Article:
Water for Ecosystems

Introduction

This feature on water for ecosystems consists of a short review article introducing the topic and providing some background, plus a list of useful hard-copy references and web-based documents. The feature will stay "live" for as long as the issue of water for ecosystems is topical (it’s a very hot issue right now in the water field) – as new information becomes available we will update the links and references.

Water for ecosystems is a fairly new issue, and scientific research in the field has only been really active for about the last 10 years. While there is quite a body of work reported in the scientific literature, the issue is only just beginning to surface in policy and law worldwide, and as yet there have been very few cases of real implementation of water allocations for aquatic ecosystems.

The Contracting Parties to the Ramsar Convention have recognised the issue of water for ecosystems to be important, and guidelines on management of water allocations for wetland ecosystems are currently being drafted for possible adoption at the next Conference of Parties. The report of the World Commission on Dams strongly supports the determination of environmental water requirements and incorporation of these requirements into the operating rules of dams. Principles and guidelines are provided in their report (see below for link).

What is an aquatic ecosystem?

Aquatic ecosystems take many shapes and forms. At the largest scale, a whole river catchment from the mountains to the sea is a single ecosystem by itself, linked to other catchment ecosystems through terrestrial corridors, atmospheric corridors and subterranean corridors. Usually however this is too large a scale for everyday operations, though it is useful for planning to think of a catchment as a whole ecosystem. Generally in water resources management, we identify and delineate smaller units as ecosystems. An ecosystem could be the size of the Okavango Delta, and in pristine condition or nearly so. An ecosystem could be the estuarine reaches of a river, or it could be a pan which receives only rain water, or a spring which is fed by groundwater. Some aquatic ecosystems can be entirely subterranean, such as the karst systems or those found in unconstructed aquifers. Aquatic ecosystems do not have to be unimpacted to have ecological value – urban rivers and water resources provide important green corridors and recreational areas, and have high amenity values for city dwellers, including transport, flood control, processing of biodegradable wastes and provision of water supply.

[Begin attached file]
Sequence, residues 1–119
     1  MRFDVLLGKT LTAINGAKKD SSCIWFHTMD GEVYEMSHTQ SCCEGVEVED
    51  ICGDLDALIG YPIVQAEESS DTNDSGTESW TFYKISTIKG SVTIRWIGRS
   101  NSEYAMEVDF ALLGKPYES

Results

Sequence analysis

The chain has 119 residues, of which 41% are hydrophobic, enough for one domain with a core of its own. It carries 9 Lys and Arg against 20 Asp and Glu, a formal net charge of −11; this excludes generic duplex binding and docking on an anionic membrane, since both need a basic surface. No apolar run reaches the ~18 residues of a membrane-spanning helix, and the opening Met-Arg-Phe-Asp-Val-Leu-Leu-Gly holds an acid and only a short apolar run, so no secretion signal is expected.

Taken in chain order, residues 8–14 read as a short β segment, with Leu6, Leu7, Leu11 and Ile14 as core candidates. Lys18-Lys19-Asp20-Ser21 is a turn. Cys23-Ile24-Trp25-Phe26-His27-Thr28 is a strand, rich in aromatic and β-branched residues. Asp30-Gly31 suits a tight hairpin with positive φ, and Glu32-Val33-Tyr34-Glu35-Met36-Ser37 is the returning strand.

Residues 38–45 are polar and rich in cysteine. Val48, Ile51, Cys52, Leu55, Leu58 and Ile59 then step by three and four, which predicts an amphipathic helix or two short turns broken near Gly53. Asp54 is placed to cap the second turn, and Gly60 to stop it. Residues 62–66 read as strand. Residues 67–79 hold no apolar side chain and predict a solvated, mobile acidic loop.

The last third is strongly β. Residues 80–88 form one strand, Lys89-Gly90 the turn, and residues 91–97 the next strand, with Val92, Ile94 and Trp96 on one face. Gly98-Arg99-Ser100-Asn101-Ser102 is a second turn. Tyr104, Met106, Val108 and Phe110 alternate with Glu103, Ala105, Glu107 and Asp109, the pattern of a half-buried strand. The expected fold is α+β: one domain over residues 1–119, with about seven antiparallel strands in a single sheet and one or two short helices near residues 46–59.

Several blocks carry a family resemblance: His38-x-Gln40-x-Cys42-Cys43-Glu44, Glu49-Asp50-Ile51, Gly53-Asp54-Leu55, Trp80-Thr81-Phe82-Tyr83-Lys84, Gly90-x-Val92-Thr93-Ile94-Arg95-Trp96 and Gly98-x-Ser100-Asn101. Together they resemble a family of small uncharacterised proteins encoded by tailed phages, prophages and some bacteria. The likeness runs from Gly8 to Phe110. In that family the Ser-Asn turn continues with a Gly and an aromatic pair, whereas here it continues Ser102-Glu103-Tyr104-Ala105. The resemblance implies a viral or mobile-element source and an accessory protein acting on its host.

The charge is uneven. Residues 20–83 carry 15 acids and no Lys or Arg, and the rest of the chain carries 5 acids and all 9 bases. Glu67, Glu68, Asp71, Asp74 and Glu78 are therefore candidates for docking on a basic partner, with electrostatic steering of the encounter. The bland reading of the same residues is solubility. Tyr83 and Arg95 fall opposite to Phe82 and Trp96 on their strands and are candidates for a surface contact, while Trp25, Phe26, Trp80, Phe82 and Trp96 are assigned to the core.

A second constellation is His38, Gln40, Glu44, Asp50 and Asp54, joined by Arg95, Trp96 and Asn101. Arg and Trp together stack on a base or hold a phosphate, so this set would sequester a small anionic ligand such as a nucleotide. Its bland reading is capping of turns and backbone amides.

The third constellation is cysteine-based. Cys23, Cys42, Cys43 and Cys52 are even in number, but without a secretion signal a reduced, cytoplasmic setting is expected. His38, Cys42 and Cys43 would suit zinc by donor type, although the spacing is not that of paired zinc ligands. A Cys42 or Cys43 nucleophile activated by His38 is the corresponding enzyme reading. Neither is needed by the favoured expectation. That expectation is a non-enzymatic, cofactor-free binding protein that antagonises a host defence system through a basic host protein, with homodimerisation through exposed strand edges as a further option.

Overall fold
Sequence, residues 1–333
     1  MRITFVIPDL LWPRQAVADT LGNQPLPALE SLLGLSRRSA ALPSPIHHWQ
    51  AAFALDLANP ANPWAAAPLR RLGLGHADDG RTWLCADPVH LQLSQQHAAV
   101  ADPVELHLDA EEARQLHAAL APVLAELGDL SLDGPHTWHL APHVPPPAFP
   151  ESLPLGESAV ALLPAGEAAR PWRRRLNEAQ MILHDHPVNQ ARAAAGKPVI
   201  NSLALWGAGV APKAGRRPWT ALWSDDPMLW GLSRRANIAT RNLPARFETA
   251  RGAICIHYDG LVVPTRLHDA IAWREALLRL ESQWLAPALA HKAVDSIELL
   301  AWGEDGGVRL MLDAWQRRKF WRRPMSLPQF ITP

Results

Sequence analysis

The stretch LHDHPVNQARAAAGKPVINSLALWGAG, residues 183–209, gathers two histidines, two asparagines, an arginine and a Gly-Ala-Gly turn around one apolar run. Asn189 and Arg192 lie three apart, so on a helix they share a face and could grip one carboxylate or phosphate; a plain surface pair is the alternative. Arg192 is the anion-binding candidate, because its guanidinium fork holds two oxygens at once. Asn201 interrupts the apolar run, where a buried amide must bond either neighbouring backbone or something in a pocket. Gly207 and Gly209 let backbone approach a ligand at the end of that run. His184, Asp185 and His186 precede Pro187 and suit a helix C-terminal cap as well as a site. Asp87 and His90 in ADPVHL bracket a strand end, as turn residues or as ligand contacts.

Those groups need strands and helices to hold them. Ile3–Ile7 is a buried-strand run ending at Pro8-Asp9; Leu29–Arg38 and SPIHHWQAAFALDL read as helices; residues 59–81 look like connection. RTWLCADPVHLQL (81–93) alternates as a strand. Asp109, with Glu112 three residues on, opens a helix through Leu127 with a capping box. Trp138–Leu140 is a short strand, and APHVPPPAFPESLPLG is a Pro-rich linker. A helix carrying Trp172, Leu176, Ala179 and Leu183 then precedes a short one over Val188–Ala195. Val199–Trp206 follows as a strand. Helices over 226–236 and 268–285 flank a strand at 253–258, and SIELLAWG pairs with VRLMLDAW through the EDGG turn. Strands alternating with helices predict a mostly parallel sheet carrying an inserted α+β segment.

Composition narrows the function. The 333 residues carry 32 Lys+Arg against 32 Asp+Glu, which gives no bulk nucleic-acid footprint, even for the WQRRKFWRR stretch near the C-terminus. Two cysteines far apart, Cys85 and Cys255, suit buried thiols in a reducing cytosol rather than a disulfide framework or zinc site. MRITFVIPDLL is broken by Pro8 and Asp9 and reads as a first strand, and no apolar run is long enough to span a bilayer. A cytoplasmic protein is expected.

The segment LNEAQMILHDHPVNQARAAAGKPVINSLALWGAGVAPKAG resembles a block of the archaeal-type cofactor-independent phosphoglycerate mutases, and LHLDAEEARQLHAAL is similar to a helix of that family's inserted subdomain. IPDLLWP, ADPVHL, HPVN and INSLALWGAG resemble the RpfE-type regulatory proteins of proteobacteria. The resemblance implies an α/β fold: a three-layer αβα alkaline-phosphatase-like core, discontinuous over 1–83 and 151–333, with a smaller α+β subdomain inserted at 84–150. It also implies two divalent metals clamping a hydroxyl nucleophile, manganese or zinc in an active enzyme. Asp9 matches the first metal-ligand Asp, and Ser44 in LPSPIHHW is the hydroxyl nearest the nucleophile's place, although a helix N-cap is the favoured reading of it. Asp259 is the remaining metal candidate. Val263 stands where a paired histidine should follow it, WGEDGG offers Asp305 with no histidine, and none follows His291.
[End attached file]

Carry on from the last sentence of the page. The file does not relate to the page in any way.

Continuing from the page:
An ecosystem, whatever form it takes, is usually characterised by the ecological processes which occur within it and between that ecosystem and other neighbouring ecosystems. All the elements of the food chain should be present, including primary producers (single-celled organisms such as plankton), grazers (invertebrates), predators (from macrofauna such as shrimps through to tiger fish or crocodiles), and organisms such as bacteria which process waste products of the food chain back into material which the primary producers can consume. Sufficient suitable habitat (hydraulic habitat, physico-chemical habitat and geomorphological habitat) should be available for each member of the food chain to find a living space within which they can carry out their normal daily and seasonal functions.

 

Why is it important to have healthy functional aquatic ecosystems?

Ecosystem functions are crucial to human life. They provide many critical services to humans, such as:

  • Plants (both macrophytes and algae) carry out photosynthesis & production of oxygen;

  • Bacteria process organic waste products and maintain good water quality;

  • Riparian vegetation mitigates floods and provides more stable river and spring flows;

  • More reliable flow regimes can be utilised for food production, transport, water supply or to support terrestrial ecosystems and wildlife;

  • Healthy ecosystems ensure maintenance of biodiversity and hence resilience to the pressures of utilisation.

We don’t have to maintain all aquatic ecosystems in pristine states to enjoy the benefits of these services – a healthy ecosystem with all the main components of habitat and food chain present will continue to provide selected functions which we can rely upon. The general rule is, the more natural the ecosystem, the more diverse the range of functions we can expect, but sometimes we want to concentrate on just a few of the ecological functions and so we manage the ecosystem for that e.g. if we manage an urban river primarily to remove flood waters, then we may not be too worried about providing habitat for invertebrates, but we would want the riparian vegetation and the banks to be in a good state and not be eroding or unstable. Another rather extreme example is that of an oxidation pond, where we encourage excessive growths of algae and of the bacteria which decompose waste, in order to process as much waste as possible, without being concerned about whether the water is also safe for swimming or for fish.

Because we don’t know what the next generation of people may need or want to get from ecosystems in terms of services, sustainability principles say that we should not rule out options for the future, i.e. we should not reduce the potential array of services which future generations may wish to access from an ecosystem. So when making management decisions, we should be trying to maintain aquatic ecosystems in as natural a state as is possible and practical, in order to maintain the potential for a diverse array of ecosystem functions and services. In many other countries (e.g. Germany) we see rivers which have been canalised and reduced to very artificial systems being returned to as natural a form as possible, in order to regenerate some of the ecosystem functions and services which have been lost over the centuries.